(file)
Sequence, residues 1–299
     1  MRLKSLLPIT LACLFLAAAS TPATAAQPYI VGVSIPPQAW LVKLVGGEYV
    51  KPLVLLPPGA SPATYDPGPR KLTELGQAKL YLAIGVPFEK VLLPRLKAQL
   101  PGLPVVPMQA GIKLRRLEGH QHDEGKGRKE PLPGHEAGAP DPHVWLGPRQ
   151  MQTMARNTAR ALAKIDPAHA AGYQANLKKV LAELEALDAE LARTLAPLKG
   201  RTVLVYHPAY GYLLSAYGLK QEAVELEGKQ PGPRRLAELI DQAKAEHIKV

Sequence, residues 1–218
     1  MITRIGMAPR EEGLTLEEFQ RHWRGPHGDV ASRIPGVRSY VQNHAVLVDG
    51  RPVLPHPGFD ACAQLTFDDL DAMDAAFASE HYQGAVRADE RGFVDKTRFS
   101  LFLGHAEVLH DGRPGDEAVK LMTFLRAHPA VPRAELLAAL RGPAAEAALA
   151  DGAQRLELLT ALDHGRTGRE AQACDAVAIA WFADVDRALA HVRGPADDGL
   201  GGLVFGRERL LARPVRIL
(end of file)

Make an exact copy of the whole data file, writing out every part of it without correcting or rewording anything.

Sequence, residues 1–299
     1  MRLKSLLPIT LACLFLAAAS TPATAAQPYI VGVSIPPQAW LVKLVGGEYV
    51  KPLVLLPPGA SPATYDPGPR KLTELGQAKL YLAIGVPFEK VLLPRLKAQL
   101  PGLPVVPMQA GIKLRRLEGH QHDEGKGRKE PLPGHEAGAP DPHVWLGPRQ
   151  MQTMARNTAR ALAKIDPAHA AGYQANLKKV LAELEALDAE LARTLAPLKG
   201  RTVLVYHPAY GYLLSAYGLK QEAVELEGKQ PGPRRLAELI DQAKAEHIKV

Sequence, residues 1–218
     1  MITRIGMAPR EEGLTLEEFQ RHWRGPHGDV ASRIPGVRSY VQNHAVLVDG
    51  RPVLPHPGFD ACAQLTFDDL DAMDAAFASE HYQGAVRADE RGFVDKTRFS
   101  LFLGHAEVLH DGRPGDEAVK LMTFLRAHPA VPRAELLAAL RGPAAEAALA
   151  DGAQRLELLT ALDHGRTGRE AQACDAVAIA WFADVDRALA HVRGPADDGL
   201  GGLVFGRERL LARPVRIL